SOMEWHERE NEAR BOSTON. It’s 2 a.m. on a Saturday morning, but you wouldn’t know it from the hum of activity here in the basement of an undisclosed location in the western suburbs of Boston.
In front of computer terminals sit two night owls who will only allow themselves to be referred to by their first names–Rocco and Chester–if this reporter is to be permitted a look at the fascinating and frightening world of an internet “bucket shop,” a generator of memes and videos that captivate lonely people around the world whose “eyeballs” on their screens translate into big advertising dollars.
“You humans are so naïve!”
Those illicit revenues in turn fuel a world-wide ring of drug “buys” that keep the masterminds behind this unnerving look at the seamy underside of the world wide web fat, happy–and high as kites.
“C’mere,” Rocco says to his partner in crime, a scruffy-looking creature whose orange exterior makes him look like a fugitive from a tanning parlor, or a President of the United States.
“What is it?” Chester says, slowly raising himself up from his keyboard.
“It’s those damn Corgis again!” Rocco hisses, and indeed when Chester looks over his partner’s shoulder he sees a pair of the adorable dwarf Welsh herding dogs that have lately soared in popularity due to widespread exposure in videos and photographs on the internet.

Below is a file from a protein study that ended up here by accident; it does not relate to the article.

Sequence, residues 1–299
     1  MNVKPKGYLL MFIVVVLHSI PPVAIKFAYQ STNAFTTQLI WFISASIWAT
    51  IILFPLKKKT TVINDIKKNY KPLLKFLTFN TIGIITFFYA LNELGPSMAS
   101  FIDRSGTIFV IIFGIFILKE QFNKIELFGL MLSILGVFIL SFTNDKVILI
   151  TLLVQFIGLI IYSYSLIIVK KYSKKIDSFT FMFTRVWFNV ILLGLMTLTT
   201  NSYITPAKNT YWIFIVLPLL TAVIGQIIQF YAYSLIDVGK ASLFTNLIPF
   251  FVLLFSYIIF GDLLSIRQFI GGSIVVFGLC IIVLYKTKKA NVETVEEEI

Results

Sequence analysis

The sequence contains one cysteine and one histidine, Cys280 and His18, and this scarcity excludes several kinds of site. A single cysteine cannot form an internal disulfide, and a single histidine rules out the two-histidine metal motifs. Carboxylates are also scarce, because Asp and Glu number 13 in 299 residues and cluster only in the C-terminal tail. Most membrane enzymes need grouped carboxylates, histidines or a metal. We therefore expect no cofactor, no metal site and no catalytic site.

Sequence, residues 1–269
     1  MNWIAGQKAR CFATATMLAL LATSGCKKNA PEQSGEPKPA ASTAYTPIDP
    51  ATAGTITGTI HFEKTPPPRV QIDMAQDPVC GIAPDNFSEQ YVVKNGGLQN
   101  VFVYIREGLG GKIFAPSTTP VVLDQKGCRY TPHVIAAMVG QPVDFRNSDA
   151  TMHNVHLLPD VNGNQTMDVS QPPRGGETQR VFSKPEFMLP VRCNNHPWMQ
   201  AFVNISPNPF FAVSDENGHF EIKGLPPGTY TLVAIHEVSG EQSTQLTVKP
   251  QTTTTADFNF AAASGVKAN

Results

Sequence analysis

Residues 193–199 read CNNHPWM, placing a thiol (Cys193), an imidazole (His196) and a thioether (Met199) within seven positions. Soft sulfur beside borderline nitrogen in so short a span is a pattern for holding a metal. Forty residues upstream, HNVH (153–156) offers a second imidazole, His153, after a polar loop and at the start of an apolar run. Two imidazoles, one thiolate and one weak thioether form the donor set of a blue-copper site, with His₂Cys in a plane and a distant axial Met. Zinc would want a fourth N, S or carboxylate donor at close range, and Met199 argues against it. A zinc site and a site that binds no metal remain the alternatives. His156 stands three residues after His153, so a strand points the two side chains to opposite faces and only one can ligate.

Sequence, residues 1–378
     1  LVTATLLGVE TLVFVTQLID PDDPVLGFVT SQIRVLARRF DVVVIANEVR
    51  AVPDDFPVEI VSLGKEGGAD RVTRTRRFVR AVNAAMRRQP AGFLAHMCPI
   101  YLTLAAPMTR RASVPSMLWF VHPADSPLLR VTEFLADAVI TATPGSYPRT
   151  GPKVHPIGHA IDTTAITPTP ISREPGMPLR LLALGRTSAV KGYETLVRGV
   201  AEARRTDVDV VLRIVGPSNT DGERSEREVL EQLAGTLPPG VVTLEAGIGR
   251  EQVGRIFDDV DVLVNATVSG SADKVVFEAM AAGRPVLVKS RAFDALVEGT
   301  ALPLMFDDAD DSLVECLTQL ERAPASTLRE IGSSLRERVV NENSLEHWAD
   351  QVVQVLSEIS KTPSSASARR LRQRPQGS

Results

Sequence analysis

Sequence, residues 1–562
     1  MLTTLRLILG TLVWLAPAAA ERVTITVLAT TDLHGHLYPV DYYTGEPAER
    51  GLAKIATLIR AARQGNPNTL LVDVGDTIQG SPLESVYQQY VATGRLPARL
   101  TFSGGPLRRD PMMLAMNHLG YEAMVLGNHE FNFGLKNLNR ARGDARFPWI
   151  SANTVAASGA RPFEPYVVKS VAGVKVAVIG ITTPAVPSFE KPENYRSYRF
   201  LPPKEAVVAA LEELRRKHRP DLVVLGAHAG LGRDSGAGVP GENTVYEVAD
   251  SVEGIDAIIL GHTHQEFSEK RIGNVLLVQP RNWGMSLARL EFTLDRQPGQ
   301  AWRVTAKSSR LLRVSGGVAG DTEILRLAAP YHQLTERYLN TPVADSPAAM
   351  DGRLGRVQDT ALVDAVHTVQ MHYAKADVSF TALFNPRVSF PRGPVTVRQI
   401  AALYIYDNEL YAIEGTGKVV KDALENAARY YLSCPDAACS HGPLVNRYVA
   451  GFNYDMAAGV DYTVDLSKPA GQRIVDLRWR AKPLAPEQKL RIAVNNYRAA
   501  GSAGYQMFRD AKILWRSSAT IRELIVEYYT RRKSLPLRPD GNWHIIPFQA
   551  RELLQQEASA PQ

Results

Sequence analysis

Corgi: Oh, put a sock in it.
“We’re going to have to do something,” Rocco says, and it is apparent that his partner not only shares his concern, but feels he’s understating the problem.
“That’s nothing,” he says. “Google ‘cute sea otter’ and see what you get.”
“2,946,328 pages views–and it’s still early!”
The two anonymous monitors of web traffic are members of the species Felis catus, the common housecat, who until recently have had little competition for the hearts and minds of bored web browsers of the human variety. “The internet grew out of the Arpanet, which was designed solely for military uses,” says technology historian Milo Iyakaris. “If it hadn’t been for pornography and cat videos, the internet would today be as useless as a fax machine, as Paul Krugman once memorably predicted.”
At stake are the millions of “clicks” each day that advertisers pay for in order to promote their products in banner ads to unsuspecting consumers, who associate the pleasure they derive from cute animals to the merit of a particular brand. “I saw the cutest video of cats jumping on Christmas trees the other day,” says Myrna Lynn Goshke of Glasgow, Missouri. “I rushed out and bought three boxes of Triscuits, the delicious and surprisingly wholesome snack cracker, I felt so bad about getting to see it for free.”
“Bears in swimming pools are killing us.”
The virtual lock that cats have had on the adorable critter market for the past two decades seems likely to hold for at least the near future, but cats like Rocco and Chester are taking no chances that the revenue stream that keeps them in catnip will continue to flow. “Oh my God,” Rocco exclaims as he scrolls down his “wall” on Facebook.
“What now?” Chester asks, his shaking voice revealing his concern.
“What kind of sick individual would give a prairie dog a vanilla wafer?”